Elections in Spain: another shift to the right in Europe?

The Spanish parliamentary elections on Sunday could usher in a change of government, according to the latest polls. If the conservative People's Party (PP) under opposition leader Alberto Núñez Feijóo wins the most votes, with the support of the right-wing populist Vox party it could oust socialist Prime Minister Pedro Sánchez and his left-wing coalition. Commentators speculate on the repercussions of this potential shift to the right.

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El País (ES) /

This is not about social and economic policy

Vox has succeeded in turning the elections into a referendum on the Spaniards' sense of national identity, El País fears:

“On 23 July we will not elect our highest public administrator but the high priest of the fatherland. ... To win the elections, you have to present yourself as a follower of the national religion. ... That is the specific problem of the progressives: in a country where the majority votes centre-left and likes the government's social and economic policies, there is a real danger that it will lose on Sunday. Many voters think that the government has failed to defend the 'common faith' against the separatists' demands. A mistaken perception? Perhaps, but the government is doing nothing to refute it.”

Polityka (PL) /

Three ominous scenarios

If the far-right Vox actively influences government policy it would have negative consequences for the EU, Polityka worries:

“Three variants are possible. The first, the Italian one, is that the far right enters a formal coalition. In the second, familiar from Greece, Vox could be sidelined, but at the cost of the governing party sliding a long way to the right. In the third, the Swedish variant, Vox would back the PP without a formal coalition agreement, so a minority government would emerge with concessions to the far right in return for support in key votes. All of these scenarios would spell trouble for the EU and the pro-Ukrainian alliance - especially since Spain currently holds the EU Council presidency.”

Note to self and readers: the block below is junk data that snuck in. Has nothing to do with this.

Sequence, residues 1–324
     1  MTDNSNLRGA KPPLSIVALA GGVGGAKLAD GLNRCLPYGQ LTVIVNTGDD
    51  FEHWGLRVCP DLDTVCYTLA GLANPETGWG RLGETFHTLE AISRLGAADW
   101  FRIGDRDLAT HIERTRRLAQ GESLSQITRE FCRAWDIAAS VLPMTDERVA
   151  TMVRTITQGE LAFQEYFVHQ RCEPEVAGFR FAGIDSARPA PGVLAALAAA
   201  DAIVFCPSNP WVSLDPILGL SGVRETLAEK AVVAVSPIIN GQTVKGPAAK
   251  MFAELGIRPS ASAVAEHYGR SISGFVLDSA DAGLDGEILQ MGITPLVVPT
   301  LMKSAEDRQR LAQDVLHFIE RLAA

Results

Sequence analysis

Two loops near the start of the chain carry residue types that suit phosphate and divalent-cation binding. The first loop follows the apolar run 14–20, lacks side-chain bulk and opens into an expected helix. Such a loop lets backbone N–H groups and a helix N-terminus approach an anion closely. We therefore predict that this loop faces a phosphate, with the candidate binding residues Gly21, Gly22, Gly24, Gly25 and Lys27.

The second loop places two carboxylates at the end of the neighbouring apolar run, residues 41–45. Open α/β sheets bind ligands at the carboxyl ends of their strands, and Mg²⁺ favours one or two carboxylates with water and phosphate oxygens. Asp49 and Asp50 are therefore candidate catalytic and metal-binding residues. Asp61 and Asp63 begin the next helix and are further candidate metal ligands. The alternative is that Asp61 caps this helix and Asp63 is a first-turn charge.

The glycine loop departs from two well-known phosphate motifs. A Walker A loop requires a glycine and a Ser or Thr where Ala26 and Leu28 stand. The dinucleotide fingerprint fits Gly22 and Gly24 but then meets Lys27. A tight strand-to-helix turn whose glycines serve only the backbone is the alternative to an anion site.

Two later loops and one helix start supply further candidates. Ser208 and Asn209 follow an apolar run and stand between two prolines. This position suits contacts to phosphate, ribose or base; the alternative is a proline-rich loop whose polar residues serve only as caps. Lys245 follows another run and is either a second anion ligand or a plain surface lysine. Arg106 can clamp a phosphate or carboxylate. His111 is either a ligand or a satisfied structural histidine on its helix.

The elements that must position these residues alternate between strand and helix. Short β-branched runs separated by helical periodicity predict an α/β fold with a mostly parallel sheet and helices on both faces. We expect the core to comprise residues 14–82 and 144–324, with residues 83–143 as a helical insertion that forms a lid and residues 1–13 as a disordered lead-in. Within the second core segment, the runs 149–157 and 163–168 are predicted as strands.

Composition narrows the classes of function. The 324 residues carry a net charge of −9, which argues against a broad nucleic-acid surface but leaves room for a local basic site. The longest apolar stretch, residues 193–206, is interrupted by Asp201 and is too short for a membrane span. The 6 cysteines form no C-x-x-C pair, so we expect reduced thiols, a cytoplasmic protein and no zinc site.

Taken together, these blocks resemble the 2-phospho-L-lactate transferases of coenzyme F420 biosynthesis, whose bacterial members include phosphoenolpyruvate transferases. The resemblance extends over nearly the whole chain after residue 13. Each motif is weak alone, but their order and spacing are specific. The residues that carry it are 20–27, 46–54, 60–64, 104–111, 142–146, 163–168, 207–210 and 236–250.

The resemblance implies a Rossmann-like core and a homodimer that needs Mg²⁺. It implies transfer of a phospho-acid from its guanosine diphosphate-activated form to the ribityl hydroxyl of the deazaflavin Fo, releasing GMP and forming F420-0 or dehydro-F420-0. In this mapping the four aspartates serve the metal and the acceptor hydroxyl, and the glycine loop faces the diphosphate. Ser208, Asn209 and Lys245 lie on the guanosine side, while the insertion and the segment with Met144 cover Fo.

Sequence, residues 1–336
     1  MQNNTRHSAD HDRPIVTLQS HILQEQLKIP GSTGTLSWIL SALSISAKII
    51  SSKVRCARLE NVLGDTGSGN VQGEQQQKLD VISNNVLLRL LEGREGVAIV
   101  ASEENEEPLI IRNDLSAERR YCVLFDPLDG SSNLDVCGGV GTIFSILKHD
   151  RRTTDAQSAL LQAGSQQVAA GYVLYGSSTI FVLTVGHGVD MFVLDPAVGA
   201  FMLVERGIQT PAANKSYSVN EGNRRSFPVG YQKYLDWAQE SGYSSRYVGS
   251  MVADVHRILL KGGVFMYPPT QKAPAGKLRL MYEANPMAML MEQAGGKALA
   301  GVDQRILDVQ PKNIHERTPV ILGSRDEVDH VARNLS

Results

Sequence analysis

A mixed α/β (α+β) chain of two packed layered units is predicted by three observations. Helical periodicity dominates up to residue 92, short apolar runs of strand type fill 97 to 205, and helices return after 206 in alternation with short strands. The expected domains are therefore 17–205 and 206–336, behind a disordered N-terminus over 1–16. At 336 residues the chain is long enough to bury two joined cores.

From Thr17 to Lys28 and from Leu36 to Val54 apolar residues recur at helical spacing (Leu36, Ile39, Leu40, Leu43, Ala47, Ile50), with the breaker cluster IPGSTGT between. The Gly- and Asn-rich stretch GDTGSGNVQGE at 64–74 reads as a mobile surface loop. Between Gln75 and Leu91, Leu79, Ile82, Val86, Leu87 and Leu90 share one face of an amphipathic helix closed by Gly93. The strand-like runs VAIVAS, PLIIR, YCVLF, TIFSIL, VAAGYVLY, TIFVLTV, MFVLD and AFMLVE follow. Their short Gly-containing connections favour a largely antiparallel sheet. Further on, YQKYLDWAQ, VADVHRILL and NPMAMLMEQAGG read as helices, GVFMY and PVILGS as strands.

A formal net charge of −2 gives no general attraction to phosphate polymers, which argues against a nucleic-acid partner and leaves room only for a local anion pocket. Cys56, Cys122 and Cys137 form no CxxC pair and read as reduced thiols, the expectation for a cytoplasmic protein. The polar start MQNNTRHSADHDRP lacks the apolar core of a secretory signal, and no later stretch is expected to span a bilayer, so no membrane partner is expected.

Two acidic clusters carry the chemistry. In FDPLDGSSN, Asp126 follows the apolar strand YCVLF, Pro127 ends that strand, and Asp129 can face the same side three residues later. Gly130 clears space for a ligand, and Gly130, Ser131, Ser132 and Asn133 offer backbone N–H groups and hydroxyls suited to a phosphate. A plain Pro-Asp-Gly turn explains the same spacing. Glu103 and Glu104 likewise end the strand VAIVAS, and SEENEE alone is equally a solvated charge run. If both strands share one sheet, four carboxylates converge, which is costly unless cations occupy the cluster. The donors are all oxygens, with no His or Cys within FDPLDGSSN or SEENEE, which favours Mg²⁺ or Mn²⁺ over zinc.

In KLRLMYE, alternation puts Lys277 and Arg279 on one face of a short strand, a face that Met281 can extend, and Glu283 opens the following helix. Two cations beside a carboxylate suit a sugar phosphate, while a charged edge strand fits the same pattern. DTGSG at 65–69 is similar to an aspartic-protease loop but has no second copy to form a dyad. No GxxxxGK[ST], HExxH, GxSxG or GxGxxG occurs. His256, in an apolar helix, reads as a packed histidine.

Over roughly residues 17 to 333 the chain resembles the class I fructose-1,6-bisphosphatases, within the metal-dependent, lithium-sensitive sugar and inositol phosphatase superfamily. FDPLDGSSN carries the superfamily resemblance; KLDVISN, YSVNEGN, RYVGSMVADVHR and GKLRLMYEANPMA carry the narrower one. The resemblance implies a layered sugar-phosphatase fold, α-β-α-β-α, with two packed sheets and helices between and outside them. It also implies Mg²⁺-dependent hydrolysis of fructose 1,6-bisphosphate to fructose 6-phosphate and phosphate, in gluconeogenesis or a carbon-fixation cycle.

Libération (FR) /

Exposed to ill winds

Libération expects a bad outcome:

“Unfortunately Spain has not escaped the ill wind that is blowing across many democracies in Europe and elsewhere. The wind that brought Trump and Bolsonaro to power in the US and Brazil, and whose gusts are increasingly being felt in France. The wind of populism and an alliance between the right and the far right, whose weapons are now known: an explicit distance from facts, the spreading of rumours, for example about fraud in postal voting, all kinds of manipulation and the incitement of national sentiment in a country that has not yet fully come to terms with its Francoist past.”

Irish Examiner (IE) /

This could shake all Europe

The present election is decisive not only for Spain, the Irish Examiner points out:

“This weekend, the Spanish electorate will have big decisions to make and depending on how they vote, they could have a far-right government for the first time since Franco. This, as has been the case with other election results across the continent, will shape European politics and may even have an influence here in Ireland as we begin to see the rise of far-right politics emerging. That is something we have steadfastly resisted in the past and, we hope, will in the future.”

Corriere della Sera (IT) /

More rivals than allies

Corriere della Sera is not sure how likely a coalition between Vox and the conservatives is:

“Although they have started to govern together at the local level, PP and Vox now seem to be more rivals than allies. With the attitude of a bullfighter, [Vox leader Santiago] Abascal has announced that there will be a tough confrontation after the elections. ... Vox did not like the PP 'extending a hand' to PSOE to make a neutrality pact that would allow the list with the most votes to govern 'without having to form an alliance with extremism'. So the possibility of a paralysing stalemate which prevents the formation of a government cannot be ruled out.”